Manhattan Way to Kung Fu

An unexpected force transformed Brooklyn-born David Kaplan into a Jewish kung fu master. It wasn’t the Bruce Lee films he saw nor the karate lessons he had as a kid. His journey to kung fu began when the 45-year-old discovered hip-hop as a teenager.

Manhattan in the 1980s offered an excitement that Kaplan couldn’t resist. He says that the community surrounding his Bensonhurst home just couldn’t compare. Graffiti art allowed him to rebel against order and conformity while enjoying the drugs, girls and adventures that came with it. But the vices began catching up with him by age 17.

Luckily martial arts had never completely left him, he said. He followed up on childhood lessons by taking a karate class at Kingsborough Community College. Then he found a master in Chinatown who had studied at the Shaolin Temple in China where kung fu began, according to legend.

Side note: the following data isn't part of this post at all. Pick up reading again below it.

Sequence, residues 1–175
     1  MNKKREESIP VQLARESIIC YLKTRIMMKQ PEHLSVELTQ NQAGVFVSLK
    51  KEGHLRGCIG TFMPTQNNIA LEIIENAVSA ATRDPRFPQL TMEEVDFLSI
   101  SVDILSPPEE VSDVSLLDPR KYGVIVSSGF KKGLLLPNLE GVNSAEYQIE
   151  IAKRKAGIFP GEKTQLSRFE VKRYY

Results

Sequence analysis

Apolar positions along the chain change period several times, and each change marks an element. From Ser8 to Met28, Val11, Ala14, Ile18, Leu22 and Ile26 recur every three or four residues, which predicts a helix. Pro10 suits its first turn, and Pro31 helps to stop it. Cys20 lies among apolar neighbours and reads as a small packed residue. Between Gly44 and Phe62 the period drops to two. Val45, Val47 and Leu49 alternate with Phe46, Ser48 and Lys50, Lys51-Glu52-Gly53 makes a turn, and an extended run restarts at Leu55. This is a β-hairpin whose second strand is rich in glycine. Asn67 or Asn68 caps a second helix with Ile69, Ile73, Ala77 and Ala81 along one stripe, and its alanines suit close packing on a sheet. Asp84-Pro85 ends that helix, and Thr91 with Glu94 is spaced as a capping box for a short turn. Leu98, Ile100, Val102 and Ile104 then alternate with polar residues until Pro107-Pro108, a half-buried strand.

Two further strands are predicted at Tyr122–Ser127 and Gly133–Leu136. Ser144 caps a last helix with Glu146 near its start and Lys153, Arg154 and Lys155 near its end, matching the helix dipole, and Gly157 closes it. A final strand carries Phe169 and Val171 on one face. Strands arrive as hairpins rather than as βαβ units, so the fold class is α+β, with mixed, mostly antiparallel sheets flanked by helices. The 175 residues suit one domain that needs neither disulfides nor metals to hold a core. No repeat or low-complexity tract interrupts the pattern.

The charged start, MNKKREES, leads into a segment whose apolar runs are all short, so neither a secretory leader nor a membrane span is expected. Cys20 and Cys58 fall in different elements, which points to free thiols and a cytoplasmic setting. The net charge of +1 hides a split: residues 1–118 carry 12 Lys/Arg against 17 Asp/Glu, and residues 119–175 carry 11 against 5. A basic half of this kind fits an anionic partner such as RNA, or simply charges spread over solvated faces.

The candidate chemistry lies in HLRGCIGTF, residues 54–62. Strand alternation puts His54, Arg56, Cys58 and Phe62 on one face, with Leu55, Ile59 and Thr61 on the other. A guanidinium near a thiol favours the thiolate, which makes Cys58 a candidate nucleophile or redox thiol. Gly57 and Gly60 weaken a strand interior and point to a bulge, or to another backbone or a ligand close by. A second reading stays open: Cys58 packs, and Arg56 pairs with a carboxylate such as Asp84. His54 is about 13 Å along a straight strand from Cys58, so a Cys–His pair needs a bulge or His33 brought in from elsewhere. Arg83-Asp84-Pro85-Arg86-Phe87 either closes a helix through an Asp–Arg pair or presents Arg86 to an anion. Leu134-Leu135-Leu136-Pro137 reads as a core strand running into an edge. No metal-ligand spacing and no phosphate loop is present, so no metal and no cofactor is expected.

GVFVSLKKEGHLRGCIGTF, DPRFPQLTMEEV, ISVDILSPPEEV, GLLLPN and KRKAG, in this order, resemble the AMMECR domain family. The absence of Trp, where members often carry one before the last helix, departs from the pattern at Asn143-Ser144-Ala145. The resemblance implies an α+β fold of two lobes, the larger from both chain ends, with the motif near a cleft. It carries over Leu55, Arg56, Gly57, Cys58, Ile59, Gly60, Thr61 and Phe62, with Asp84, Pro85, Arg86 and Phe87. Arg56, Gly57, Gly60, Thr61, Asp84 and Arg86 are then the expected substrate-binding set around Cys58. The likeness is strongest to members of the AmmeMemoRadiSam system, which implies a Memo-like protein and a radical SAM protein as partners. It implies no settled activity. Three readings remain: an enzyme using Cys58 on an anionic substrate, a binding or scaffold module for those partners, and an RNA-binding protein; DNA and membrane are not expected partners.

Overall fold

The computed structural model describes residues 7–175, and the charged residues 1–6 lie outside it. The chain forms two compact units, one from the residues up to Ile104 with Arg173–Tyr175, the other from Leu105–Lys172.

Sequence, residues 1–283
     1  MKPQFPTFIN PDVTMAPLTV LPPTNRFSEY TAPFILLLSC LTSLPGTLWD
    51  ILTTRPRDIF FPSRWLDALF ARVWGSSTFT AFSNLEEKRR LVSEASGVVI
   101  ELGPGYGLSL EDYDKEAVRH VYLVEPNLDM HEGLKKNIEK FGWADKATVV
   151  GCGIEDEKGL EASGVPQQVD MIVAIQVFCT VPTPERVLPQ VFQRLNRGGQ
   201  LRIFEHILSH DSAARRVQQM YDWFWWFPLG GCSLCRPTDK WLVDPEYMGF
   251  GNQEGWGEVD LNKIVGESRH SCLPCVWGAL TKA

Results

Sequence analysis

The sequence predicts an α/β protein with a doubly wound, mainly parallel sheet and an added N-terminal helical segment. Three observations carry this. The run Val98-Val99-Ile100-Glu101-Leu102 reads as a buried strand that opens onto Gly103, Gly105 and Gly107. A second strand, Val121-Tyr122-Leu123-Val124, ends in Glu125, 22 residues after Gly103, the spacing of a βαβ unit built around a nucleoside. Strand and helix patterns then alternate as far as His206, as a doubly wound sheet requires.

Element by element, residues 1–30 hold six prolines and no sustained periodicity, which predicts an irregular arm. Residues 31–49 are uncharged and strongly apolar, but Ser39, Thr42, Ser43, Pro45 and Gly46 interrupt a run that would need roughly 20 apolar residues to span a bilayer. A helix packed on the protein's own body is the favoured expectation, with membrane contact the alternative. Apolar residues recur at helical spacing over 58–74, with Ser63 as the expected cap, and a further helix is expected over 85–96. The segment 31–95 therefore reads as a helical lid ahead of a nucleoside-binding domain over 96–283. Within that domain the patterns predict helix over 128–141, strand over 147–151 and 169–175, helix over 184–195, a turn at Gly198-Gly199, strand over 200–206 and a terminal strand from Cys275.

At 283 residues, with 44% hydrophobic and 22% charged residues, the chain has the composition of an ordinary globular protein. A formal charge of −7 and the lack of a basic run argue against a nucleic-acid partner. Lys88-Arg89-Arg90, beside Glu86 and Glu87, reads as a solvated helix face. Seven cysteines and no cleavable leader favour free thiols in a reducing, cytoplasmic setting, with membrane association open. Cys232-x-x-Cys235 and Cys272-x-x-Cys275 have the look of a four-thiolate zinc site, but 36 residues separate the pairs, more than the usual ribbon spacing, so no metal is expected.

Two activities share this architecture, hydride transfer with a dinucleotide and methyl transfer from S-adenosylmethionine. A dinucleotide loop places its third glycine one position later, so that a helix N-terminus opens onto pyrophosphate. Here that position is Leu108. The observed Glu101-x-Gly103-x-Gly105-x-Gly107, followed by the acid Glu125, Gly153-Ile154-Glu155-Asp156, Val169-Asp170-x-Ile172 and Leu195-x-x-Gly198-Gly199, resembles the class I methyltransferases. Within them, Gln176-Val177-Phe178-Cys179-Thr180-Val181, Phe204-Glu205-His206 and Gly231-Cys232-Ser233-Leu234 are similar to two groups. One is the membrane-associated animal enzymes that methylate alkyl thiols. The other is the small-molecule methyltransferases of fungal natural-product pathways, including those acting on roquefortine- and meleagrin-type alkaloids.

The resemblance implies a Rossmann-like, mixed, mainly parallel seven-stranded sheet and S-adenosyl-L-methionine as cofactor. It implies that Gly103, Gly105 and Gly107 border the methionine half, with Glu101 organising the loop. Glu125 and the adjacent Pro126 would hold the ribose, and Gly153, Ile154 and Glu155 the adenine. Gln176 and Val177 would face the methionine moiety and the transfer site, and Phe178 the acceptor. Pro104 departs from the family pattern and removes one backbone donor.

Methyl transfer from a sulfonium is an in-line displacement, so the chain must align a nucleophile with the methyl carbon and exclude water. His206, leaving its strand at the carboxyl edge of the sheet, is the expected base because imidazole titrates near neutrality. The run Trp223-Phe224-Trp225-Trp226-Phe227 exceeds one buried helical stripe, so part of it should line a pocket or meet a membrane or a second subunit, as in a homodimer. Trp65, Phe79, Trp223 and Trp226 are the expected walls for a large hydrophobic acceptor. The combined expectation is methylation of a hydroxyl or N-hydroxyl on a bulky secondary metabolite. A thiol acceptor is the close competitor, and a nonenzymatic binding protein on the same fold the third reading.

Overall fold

“I was starting to itch for the whole world of it,” Kaplan said.

He studied Zen, Mandarin and Chinese culture. Now he’s a master to others, whether teaching kung fu at the Union Club in midtown Manhattan, tai chi at an assisted-living facility in Tribeca, or kung fu again Saturday mornings at 8 a.m. at Columbus Park in Manhattan’s Chinatown.   

Kung fu has more than 2,000 years of history and includes hundreds of offshoots. Some like Shaolin kung fu concentrate on physical fitness. Others such as tai chi focus on the control of internal energy. A command of both brings Kaplan to New Yorkers of all types who marvel at the pedagogical touch of an unlikely master.

Reporter Zach Williams grabbed a tablet to record just what that is.

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